Providing Access to Training and Resources to Afterschool and Summer Learning Professionals to Promote Full and Meaningful Inclusion for All Children

Kara N. Smith

Project Consultant/Trainer, Kids Included Together

Mary M. Shea

Co-Founder and Former Executive Director, project consultant/trainer, Kids Included Together

A growing number of parents of children with disabilities, as well as the regular classroom teachers who work with their children, are recognizing the value of including these children in afterschool and summer learning programs. Such programs often provide more natural environments where children with disabilities can experience joyful learning and develop genuine friendships with same age peers without disabilities. 

While there is not yet nearly enough access to summer and afterschool programs for children with disabilities, programs that provide expanded learning opportunities are reporting notable increases in the enrollment of children who require some type of accommodation or support. As a result, the need has never been greater for afterschool and youth development professionals to have access to resources that will support them in successfully welcoming and making accommodations for students with disabilities or special needs, including those with learning differences or those who exhibit challenging behaviors.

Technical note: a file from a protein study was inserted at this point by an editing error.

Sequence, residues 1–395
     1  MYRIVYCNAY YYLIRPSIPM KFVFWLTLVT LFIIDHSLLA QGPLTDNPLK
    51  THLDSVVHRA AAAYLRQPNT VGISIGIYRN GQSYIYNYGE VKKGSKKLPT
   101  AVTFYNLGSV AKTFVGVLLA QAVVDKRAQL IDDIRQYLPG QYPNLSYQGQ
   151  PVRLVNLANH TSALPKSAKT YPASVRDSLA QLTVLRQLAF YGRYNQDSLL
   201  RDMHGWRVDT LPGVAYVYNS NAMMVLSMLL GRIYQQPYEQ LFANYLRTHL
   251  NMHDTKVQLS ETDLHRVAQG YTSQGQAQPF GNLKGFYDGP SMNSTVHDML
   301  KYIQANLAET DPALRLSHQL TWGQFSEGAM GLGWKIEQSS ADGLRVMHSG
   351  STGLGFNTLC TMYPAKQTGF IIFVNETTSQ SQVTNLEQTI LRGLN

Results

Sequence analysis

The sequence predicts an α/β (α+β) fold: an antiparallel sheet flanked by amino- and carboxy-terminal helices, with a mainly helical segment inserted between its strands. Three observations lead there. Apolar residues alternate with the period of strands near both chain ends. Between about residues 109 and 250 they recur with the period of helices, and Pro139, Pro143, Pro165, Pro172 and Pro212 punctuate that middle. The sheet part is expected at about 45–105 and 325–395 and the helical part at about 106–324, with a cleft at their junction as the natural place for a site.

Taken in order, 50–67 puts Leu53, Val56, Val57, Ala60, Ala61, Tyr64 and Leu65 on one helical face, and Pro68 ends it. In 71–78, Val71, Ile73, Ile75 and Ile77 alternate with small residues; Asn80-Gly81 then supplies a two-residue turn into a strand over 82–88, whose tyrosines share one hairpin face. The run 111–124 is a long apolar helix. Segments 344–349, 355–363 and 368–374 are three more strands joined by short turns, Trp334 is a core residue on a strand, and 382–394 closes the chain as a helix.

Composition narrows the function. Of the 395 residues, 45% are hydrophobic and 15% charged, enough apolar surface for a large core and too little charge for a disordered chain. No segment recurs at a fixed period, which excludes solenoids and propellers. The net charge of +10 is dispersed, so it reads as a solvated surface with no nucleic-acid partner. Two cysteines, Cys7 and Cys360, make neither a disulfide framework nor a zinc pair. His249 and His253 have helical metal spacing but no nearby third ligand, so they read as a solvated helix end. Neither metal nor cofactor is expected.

Extensive research has been conducted on the benefits of training afterschool and summer learning providers. The relationship between high quality professional development and child and youth success in programs that extend beyond the school day has been well documented in the literature (Bouffard & Little, 2004).